In both text editing and graphic editing, a cursor is generally employed to designate the "point of action." In most text processing applications, the cursor is generally the conventional blinking dash-type cursor. In some graphic applications, the conventional blinking cursor is replaced by a "pointing cursor" to designate the point of action. The other aspect of the editing function, namely the specific editing action, for example, insert, move, or rotate, is provided in various ways by prior art interactive draw graphic systems.
In some systems, the available editing actions are selectively displayed as a command bar at the bottom of the screen in response to the operator actuating a predetermined function key and a second cursor is then used to select the desired action from the command bar.
In other systems, the command bar is always displayed at the bottom of the screen and the operator selects the editing command by positioning the cursor to the command. In these latter systems, while only one cursor is displayed, its appearance is changed from a blinking cursor to a pointing cursor during the process which is selecting the particular editing action.
It should be understood that editing functions in a graphic application are generally not motivated by the need to "correct" an error, such as occurs generally in text processing applications. In graphic applications, it is often more efficient to modify an object that has been drawn previously and stored in a library. As a result, a series of sequential editing actions are generally involved on the retrieved object to modify the original graphic object to the desired object. The interface between the operator and the system during this process should involve interactions which are straightforward, natural, easy to learn, and simple to remember.
The operator should not be required to move the point of action from the graphic object to the bottom of the screen and back to the object merely to select a different graphic editing action. The operator should also not be required to cycle through a series of editing actions in order to reach the desired action.
The present invention overcomes the above problems and provides an improved method for editing graphic objects in an interactive draw graphic system.
In accordance with the present invention, an interactive draw graphic system is provided with an interactive draw graphic arrangement which permits the operator to easily and efficiently edit a graphic object that is displayed on the display device. The arrangement, as described, employs a conventional, two button mouse device which the operator uses to control the position of the cursor on the screen in a conventional manner. One mouse button is referred to as the Action Select Key, while the other button is referred to as the Object Select Key. The function of the Action Select Key is to cause the system to display an edit action menu which lists all available edit actions and to change the normal system cursor to a pointing cursor. The system causes these functions to occur in response to the operation of the Action Select Key. The operator then positions the pointing cursor adjacent the desired editing action by suitably moving of the mouse, and presses the Object Select Key. The pointing cursor is changed to a cursor symbol, depicting the selected editing action and the menu disappears.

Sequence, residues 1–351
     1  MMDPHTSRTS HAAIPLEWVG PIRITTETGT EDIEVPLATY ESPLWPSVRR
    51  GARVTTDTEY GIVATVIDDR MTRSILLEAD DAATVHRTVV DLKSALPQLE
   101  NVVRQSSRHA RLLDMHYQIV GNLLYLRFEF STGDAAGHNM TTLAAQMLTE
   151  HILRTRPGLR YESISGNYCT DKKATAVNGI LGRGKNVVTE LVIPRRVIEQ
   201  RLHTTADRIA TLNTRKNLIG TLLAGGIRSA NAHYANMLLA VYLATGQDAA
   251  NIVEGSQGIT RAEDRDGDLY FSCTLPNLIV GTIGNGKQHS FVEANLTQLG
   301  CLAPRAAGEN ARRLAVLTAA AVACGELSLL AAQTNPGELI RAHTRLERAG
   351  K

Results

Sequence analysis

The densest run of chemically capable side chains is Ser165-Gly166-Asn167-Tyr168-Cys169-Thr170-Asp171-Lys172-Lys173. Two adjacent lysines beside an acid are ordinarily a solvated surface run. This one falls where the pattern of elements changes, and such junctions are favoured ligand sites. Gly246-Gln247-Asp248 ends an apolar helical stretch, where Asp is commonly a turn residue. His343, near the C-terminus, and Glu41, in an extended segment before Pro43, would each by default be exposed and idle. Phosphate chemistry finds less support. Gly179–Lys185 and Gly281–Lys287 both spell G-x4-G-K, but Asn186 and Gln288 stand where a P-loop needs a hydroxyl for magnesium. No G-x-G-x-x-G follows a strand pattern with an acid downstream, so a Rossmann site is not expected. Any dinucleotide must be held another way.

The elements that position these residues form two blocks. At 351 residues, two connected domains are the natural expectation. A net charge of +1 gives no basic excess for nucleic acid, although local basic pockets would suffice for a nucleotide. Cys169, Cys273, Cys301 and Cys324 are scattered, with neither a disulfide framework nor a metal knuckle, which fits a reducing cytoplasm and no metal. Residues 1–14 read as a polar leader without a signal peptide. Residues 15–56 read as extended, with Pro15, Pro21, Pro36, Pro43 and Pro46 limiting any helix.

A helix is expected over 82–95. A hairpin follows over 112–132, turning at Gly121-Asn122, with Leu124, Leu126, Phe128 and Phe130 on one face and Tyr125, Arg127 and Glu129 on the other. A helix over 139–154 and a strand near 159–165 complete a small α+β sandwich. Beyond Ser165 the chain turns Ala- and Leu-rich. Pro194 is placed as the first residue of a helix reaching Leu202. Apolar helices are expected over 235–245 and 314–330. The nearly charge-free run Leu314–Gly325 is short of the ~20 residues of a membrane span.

The operator next positions the cursor adjacent the object that is to be edited and presses the Object Select Key on the mouse. If the editing action is of the type that involves movement of the object, such as move, rotate, scale, etc., the Object Select Key is held depressed while the mouse is moved by the operator. The object on the screen moves in accordance with the direction and the extent of movement of the cursor, as controlled by the mouse and the particular edit action. When the object is suitably located, the operator releases the Object Select Key and proceeds to the next operation, which could be the same edit action on another displayed object, a different editing action on the same or another object, or another operation other than editing. If further editing is required, the operator merely has to press the Action Selection Key to have the menu re-appear and select a different action. If the same type editing action is desired on another object, the operator merely has to position the cursor adjacent the second object and press and hold the Object Select Key. A very efficient operator interface is therefore provided for the edit function of an interactive draw graphic system.
It is therefore an object of the present invention to provide an improved method for editing graphic objects in an interactive draw graphic system.
Another object of the present invention is to provide an interactive editing method for graphic objects which permits the operator to select the graphic editing action from a menu that is displayed selectively at the current location of the cursor in response to action by the operator.
Objects and advantages, other than those mentioned above, will become apparent in the following description when read in connection with the drawing.
FIG. 1 is a block diagram of an interactive information handling system in which the method of the present invention is advantageously employed.
FIG. 2 is a diagrammatic view of one example of a display screen containing objects that may be edited by the method of the present invention.